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Any easier way to write this if statement?

if (value==1 || value==2)

For example... in SQL you can say where value in (1,2) instead of where value=1 or value=2.

I'm looking for something that would work with any basic type... string, int, etc.

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2  
Easier is a personal preference. Personally, I don't think it gets any easier than value == 1 || value == 2. – Joel Etherton Oct 11 '10 at 14:51
1  
@Joel: It's easy, but not intuitive to someone who's used to saying "I want it to be 1 or 2". As it turns out, there have been languages which implement precisely this syntax; IBI's FOCUS query lanaguage, for one. – Steven Sudit Oct 11 '10 at 14:53
    
@Steven Sudit - "Intuitive" in that context boils down to personal preference. – Joel Etherton Oct 11 '10 at 15:04
    
@Steven Sudit - I have to admit, I'm fairly amused so far at some of the ridiculous lengths some of the answers are going to just to solve a simple or. – Joel Etherton Oct 11 '10 at 15:06
1  
This is just a basic example of something far more complex. I'm not just working with 2 values. I'm also trying to make some of these lines easier to read. In some cases, I have if statements that span too far, and have dozens of possible values, and long variable names. – Ricky Oct 11 '10 at 15:13

13 Answers 13

up vote 29 down vote accepted

How about:

if (new[] {1, 2}.Contains(value))

It's a hack though :)

Or if you don't mind creating your own extension method, you can create the following:

public static bool In<T>(this T obj, params T[] args)
{
    return args.Contains(obj);
}

And you can use it like this:

if (1.In(1, 2))

:)

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1  
I don't think the first suggestion is really a hack as such, it seems fairly elegant to me, especially if it is code in the background which most people call via IsOneOfACertainType(typeToCheck); for example – CodeBlend Oct 30 '13 at 10:07

A more complicated way :) that emulates SQL's 'IN':

public static class Ext {    
    public static bool In<T>(this T t,params T[] values){
        foreach (T value in values) {
            if (t.Equals(value)) {
                return true;
            }
        }
        return false;
    }
}

if (value.In(1,2)) {
    // ...
}

But go for the standard way, it's more readable.

EDIT: a better solution, according to @Kobi's suggestion:

public static class Ext {    
    public static bool In<T>(this T t,params T[] values){
        return values.Contains(t);
    }
}
share|improve this answer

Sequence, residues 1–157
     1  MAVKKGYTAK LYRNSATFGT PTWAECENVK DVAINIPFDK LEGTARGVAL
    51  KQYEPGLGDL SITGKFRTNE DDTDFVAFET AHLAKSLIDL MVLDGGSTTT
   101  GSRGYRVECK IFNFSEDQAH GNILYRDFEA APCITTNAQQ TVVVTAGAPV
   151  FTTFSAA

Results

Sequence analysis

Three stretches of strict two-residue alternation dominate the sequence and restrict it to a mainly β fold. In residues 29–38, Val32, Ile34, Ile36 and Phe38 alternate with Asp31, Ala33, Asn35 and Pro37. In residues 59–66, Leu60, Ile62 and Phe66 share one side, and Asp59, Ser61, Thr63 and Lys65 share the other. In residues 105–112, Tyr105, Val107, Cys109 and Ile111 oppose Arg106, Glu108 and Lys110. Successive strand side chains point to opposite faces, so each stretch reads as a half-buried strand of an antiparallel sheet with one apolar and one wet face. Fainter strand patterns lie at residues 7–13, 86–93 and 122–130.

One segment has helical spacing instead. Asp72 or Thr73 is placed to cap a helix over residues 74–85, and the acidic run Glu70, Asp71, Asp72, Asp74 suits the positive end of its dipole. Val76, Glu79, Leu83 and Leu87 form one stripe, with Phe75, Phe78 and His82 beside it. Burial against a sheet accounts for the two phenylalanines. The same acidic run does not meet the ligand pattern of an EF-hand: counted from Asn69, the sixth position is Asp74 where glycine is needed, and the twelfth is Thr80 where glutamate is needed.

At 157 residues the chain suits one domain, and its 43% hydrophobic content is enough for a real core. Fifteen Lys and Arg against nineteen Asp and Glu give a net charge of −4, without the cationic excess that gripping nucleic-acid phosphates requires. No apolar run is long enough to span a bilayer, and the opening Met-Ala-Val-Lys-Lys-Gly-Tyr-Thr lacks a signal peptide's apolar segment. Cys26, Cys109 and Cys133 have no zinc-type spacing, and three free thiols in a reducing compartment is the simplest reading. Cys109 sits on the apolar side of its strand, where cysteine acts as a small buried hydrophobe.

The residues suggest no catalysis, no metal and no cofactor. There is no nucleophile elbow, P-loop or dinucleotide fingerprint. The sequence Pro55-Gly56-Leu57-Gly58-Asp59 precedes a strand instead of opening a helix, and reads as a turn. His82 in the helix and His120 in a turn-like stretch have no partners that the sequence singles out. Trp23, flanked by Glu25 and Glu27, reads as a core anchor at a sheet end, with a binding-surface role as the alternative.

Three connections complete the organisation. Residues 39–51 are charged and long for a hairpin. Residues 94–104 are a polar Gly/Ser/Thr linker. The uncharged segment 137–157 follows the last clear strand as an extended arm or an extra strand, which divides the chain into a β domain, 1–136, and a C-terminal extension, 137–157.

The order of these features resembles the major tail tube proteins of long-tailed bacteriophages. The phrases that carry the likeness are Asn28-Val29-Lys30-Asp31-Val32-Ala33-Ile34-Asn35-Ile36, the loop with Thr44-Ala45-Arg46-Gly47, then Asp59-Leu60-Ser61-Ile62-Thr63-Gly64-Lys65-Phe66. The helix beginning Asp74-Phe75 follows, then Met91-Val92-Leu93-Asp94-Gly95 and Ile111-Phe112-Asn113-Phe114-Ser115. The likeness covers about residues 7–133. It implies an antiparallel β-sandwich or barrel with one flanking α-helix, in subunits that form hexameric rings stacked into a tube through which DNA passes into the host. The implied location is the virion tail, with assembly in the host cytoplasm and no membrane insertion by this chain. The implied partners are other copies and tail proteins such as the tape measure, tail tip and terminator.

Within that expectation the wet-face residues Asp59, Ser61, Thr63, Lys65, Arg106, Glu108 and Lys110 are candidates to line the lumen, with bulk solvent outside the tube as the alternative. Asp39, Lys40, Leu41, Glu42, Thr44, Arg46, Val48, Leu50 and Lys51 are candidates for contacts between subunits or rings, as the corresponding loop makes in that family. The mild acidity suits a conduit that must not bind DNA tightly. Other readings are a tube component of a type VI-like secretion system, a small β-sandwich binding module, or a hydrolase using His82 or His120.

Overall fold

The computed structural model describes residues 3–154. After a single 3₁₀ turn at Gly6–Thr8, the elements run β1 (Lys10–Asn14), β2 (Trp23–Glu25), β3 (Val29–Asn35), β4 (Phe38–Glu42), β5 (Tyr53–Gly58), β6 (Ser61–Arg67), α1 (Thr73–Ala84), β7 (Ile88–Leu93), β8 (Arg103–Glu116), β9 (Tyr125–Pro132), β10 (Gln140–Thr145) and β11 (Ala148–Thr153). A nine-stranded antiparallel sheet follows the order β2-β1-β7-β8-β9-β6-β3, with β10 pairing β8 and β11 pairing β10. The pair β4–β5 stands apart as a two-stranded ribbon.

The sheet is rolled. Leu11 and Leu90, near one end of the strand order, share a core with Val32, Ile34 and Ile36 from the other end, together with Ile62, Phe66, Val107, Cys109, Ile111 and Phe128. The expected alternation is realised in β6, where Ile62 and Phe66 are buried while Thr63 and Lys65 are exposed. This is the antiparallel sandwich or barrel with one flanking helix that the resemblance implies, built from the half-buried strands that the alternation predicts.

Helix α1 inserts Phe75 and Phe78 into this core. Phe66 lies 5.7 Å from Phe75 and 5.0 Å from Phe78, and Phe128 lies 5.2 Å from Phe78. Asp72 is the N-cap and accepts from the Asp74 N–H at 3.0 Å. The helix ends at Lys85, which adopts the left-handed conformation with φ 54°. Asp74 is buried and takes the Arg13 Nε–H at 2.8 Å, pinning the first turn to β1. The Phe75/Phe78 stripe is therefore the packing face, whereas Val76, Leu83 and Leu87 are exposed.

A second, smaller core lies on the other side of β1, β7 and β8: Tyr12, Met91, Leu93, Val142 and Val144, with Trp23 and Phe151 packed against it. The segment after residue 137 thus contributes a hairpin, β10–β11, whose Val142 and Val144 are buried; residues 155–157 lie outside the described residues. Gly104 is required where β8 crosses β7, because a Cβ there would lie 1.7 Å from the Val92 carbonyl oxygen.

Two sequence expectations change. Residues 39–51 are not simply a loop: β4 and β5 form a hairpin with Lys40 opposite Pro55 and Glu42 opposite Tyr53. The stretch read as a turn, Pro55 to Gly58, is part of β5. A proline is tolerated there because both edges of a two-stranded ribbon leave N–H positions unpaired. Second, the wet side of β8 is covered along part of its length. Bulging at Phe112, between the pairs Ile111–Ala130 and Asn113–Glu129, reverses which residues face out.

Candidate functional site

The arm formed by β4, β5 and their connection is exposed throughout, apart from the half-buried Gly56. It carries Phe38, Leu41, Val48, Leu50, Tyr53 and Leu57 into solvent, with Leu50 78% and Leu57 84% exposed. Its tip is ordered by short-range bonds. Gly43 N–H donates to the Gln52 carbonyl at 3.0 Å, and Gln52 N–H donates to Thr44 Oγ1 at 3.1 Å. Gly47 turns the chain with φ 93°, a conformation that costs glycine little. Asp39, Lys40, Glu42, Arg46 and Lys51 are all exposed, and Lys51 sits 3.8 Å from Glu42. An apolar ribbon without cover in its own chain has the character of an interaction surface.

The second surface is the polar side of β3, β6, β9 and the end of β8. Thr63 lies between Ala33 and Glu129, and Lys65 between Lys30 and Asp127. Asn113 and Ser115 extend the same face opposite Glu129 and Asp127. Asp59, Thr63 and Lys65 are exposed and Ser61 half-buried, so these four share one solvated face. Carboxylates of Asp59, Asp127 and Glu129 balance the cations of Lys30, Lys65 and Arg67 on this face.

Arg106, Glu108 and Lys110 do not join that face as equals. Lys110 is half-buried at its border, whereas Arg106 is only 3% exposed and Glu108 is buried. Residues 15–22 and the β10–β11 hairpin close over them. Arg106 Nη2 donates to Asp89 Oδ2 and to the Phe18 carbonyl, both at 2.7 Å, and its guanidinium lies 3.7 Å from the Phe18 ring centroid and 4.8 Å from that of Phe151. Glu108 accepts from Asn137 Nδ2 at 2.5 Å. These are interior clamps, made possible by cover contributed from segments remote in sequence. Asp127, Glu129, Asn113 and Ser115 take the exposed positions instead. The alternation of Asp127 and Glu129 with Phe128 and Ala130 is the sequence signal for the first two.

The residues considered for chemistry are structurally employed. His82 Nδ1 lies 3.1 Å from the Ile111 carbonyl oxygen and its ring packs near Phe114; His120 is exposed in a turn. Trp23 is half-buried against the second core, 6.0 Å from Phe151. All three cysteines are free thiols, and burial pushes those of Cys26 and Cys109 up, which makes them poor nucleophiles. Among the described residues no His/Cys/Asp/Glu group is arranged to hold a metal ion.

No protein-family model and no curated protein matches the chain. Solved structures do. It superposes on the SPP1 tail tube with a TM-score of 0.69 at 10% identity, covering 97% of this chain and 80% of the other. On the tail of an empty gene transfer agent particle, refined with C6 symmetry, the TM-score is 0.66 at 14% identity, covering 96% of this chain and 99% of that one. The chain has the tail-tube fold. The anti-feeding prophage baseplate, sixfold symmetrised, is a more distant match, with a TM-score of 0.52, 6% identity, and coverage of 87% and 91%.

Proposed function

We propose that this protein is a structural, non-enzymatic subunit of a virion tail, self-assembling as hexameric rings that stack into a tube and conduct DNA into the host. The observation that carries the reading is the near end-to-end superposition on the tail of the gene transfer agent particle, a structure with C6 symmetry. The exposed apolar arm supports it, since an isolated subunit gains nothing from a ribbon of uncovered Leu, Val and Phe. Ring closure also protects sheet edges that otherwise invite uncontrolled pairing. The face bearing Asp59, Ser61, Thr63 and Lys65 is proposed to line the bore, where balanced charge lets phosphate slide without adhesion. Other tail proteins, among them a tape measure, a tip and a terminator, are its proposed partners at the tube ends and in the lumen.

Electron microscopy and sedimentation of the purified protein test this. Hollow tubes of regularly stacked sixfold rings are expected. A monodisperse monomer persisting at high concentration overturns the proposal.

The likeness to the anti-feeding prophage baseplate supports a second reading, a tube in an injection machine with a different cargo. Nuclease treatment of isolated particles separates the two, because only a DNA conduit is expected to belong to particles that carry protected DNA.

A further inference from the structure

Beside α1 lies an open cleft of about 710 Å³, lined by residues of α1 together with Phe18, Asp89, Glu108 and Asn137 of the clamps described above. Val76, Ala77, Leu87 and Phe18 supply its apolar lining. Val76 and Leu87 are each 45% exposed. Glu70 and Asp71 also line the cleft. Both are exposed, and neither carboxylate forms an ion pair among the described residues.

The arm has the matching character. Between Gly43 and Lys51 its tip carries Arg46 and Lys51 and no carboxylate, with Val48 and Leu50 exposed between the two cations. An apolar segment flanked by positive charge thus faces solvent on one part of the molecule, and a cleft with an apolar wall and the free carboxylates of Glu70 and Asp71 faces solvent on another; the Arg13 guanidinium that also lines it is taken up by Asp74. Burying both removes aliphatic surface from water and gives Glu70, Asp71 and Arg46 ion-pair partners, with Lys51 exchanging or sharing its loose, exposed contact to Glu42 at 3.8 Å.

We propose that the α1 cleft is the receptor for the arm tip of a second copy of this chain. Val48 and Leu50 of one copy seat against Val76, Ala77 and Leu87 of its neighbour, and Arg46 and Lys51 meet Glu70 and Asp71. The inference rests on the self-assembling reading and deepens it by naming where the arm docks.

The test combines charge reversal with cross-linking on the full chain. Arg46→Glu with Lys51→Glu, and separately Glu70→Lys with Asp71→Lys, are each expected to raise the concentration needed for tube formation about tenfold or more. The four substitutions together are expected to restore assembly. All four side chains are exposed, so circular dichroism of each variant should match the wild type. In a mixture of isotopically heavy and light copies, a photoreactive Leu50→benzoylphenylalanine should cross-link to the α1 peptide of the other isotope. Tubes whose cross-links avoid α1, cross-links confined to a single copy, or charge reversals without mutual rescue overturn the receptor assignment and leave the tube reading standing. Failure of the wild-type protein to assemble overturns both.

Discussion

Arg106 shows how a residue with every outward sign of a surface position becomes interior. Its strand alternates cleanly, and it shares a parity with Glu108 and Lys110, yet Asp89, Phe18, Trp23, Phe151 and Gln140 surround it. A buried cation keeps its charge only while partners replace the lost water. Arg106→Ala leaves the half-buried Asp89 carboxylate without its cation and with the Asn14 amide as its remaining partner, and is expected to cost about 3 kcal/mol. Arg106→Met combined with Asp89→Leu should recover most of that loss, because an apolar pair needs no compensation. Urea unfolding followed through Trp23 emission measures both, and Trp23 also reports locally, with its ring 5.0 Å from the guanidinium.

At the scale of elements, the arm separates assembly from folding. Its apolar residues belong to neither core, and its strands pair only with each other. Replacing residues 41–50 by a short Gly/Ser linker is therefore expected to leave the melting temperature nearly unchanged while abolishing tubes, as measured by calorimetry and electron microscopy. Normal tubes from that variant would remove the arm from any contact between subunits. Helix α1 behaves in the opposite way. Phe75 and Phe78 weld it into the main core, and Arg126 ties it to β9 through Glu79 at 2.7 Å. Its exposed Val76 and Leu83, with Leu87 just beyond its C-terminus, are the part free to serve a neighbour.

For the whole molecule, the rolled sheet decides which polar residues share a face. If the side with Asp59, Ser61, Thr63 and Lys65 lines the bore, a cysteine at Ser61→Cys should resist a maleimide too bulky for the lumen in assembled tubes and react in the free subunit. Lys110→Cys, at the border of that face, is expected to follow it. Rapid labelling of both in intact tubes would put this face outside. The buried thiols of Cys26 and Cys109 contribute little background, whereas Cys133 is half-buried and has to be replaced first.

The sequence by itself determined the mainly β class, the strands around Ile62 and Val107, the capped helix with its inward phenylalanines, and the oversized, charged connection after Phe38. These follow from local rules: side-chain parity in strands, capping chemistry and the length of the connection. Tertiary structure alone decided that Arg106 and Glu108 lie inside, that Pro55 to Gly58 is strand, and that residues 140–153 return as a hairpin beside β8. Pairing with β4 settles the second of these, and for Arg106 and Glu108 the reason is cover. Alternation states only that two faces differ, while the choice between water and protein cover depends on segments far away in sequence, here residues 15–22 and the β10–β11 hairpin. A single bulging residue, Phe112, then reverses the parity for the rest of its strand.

needs a return type, but an extension method is what I was going to suggest as well – Daniel DiPaolo Oct 11 '10 at 14:56
1  
@Daniel: yes, fixed, thanks :) – Paolo Tedesco Oct 11 '10 at 14:57
    
+1. Nice solution, just like mine, but yours using Generics. I'll replace mine with yours :) – goenning Oct 11 '10 at 15:02
    
I really like this version. I figured I might have to build my own method. – Ricky Oct 11 '10 at 15:17
6  
Couldn't you have written return values.Contains(t)? Or return values.Any(v => t.Equals(v))? – Kobi Oct 11 '10 at 15:29

Is this what you are looking for ?

if (new int[] { 1, 2, 3, 4, 5 }.Contains(value))
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If you have a List, you can use .Contains(yourObject), if you're just looking for it existing (like a where). Otherwise look at Linq .Any() extension method.

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Alternatively, and this would give you more flexibility if testing for values other than 1 or 2 in future, is to use a switch statement

switch(value)
{
case 1:
case 2:
   return true;
default:
   return false
}
share|improve this answer
    
I wouldn't even say "alternatively", this is the closest analogy to the SQL use of IN with a list given in the example (Contains() etc. corresponding more with IN against the results of a subquery). – Jon Hanna Oct 11 '10 at 15:11

Generally, no.

Yes, there are cases where the list is in an Array or List, but that's not the general case.

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Using Linq,

if(new int[] {1, 2}.Contains(value))

But I'd have to think that your original if is faster.

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The performance difference between these two is almost surely irrelevant. The original is more readable, and idiomatic. It's certainly possible to write Enumerable.Range(0, 10).ToList().ForEach(x => Console.WriteLine(x)); instead of for(int i = 0; i < 10; i++) { Console.WriteLine(i); } but that's just going to piss people off. "No one ever writes let 6 be a group." – jason Oct 11 '10 at 15:06